• What Is Inheritance?
    • Inheritance and Derivation
    • Private Versus Protected
    • Constructors and Destructors
    • Overriding Functions
    • Virtual Methods
    • Summary
    • Q&A
    • Workshop

  • DAY 12 - ARRAYS AND LINKED LISTS
    • What Is an Array?
    • Array Elements
    • Writing Past the End of an Array
    • Fence Post Errors
    • Initializing Arrays
    • Declaring Arrays
    • Arrays of Objects
    • Multidimensional Arrays
    • Initializing Multidimensional Arrays
    • A Word About Memory
    • Arrays of Pointers
    • Declaring Arrays on the Free Store
    • A Pointer to an Array Versus an Array of Pointers
    • Pointers and Array Names
    • Deleting Arrays on the Free Store
    • char Arrays
    • strcpy() and strncpy()
    • String Classes
    • Linked Lists and Other Structures
    • A Linked List Case Study
    • The Component Parts
    • What Have You Learned, Dorothy?
    • Array Classes
    • Summary
    • Q&A
    • Workshop

  • DAY 13 - POLYMORPHISM
    • Problems with Single Inheritance
    • Multiple Inh eritance
    • Virtual Inheritance
    • Abstract Data Types
    • The Observer Pattern
    • Summary
    • Q&A
    • Workshop

  • DAY 14 - SPECIAL CLASSES AND FUNCTIONS
    • Static Member Data
    • Static Member Functions
    • Pointers to Functions
    • Pointers to Member Functions
    • Summary
    • Q&A
    • Workshop

WEEK 2 - IN REVIEW

WEEK 3 - AT A GLANCE

  • DAY 15 - ADVANCED INHERITANCE
    • Containment
    • Implementation in Terms of Inheritance/ Containment Versus Delegation
    • Delegation
    • Private Inheritance
    • Friend Classes
    • Friend Functions
    • Friend Functions and Operator Overloading
    • Overloading the Insertion Operator
    • Summary
    • Q&A
    • Workshop

  • DAY 16 - STREAMS
    • Overview of Streams
    • Buffering
    • Streams and Buffers
    • Standard I/O Objects
    • Redirection
    • Input Using cin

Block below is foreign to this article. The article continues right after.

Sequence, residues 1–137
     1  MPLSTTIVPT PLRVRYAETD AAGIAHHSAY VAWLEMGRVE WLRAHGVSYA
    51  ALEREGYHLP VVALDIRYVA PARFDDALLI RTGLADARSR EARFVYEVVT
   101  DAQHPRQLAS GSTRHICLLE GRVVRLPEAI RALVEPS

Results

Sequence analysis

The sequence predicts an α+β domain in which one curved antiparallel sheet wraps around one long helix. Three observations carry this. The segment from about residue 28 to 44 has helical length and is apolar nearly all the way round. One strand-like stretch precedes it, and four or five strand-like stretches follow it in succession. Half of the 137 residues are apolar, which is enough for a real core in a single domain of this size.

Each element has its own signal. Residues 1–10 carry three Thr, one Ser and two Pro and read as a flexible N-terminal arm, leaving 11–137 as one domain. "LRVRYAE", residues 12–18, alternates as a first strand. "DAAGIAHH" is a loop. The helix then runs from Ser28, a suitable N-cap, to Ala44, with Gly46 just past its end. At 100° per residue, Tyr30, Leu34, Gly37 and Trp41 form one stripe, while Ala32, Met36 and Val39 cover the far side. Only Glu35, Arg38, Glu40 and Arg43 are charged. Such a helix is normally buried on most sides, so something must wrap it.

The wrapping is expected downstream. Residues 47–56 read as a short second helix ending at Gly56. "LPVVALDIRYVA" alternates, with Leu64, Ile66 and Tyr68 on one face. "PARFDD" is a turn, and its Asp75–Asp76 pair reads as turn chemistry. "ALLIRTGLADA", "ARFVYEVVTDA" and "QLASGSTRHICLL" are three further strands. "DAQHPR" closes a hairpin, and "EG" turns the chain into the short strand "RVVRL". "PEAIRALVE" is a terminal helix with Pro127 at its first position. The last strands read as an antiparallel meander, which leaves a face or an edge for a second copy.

• Other Member Functions of cin
    • Output with cout
    • Related Functions
    • Manipulators, Flags, and Formatting Instructions
    • Streams Versus the printf() Function
    • File Input and Output
    • ofstream
    • Binary Versus Text Files
    • Command-Line Processing
    • Summary
    • Q&A
    • Workshop

  • DAY 17 - NAMESPACES
    • Getting Started
    • Functions and Classes Are Resolved by Name
    • Creating a Namespace
    • Using a Namespace
    • The using Keyword
    • The Namespace Alias
    • The Unnamed Namespace
    • The Standard Namespace std
    • Summary
    • Q&A

  • DAY 18 - OBJECT-ORIENTED ANALYSIS AND DESIGN
    • Is C++ Object-Oriented?
    • Building Models
    • Software Design: The Modeling Language
    • Software Design: The Process
    • The Vision
    • Requirements Analysis
    • Design
    • Summary
    • Q&A
    • Workshop

  • DAY 19 - TEMPLATES
    • What Are Templates?
    • Parameterized Types
    • Template Definition
    • Template Functions
    • Templates and Friends
    • Using Template Items
    • The Standard Template Library
    • Containers
    • Understanding Sequence Containers
    • Stacks
    • Understanding Queues
    • Understanding Associative Containers
    • Algorithm Classes
    • Summary
    • Q&A
    • Workshop

  • DAY 20 - EXCEPTIONS AND ERROR HANDLING
    • Bugs, Errors, Mistakes, and Code Rot
    • Exceptions
    • Using try Blocks and catch Blocks
    • Data in Exceptions and Naming Exception Objects
    • Exceptions and Templates
    • Exceptions Without Errors
    • Bugs and Debugging
    • Summary
    • Q&A
    • Workshop

  • DAY 21 - WHAT'S NEXT
    • The Preprocessor and the Compiler
    • Seeing the Intermediate Form
    • Using #define
    • Inclusion and Inclusion Guards
    • Macro Functions
    • Inline Functions
    • String Manipulation
    • Predefined Macros
    • assert()
    • Bit Twiddling
    • Style
    • Next Steps
    • Summary
    • Q&A

WEEK 3 - IN REVIEW

  • APPENDIXES

  • APPENDIX A - OPERATOR PRECEDENCE

  • APPENDIX B - C++ KEYWORDS

  • APPENDIX C - BINARY AND HEXADECIMAL
    • Other Bases
    • Around the Bases
    • Hexadecimal

  • APPENDIX D - ANSWERS

  • INDEX

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Teach Yourself C++ in 21 Days 1 out of 5 based on 0 ratings. 1 reviews.
Guest More than 1 year ago
I don't recommend this book unless u have previous programming knowledge.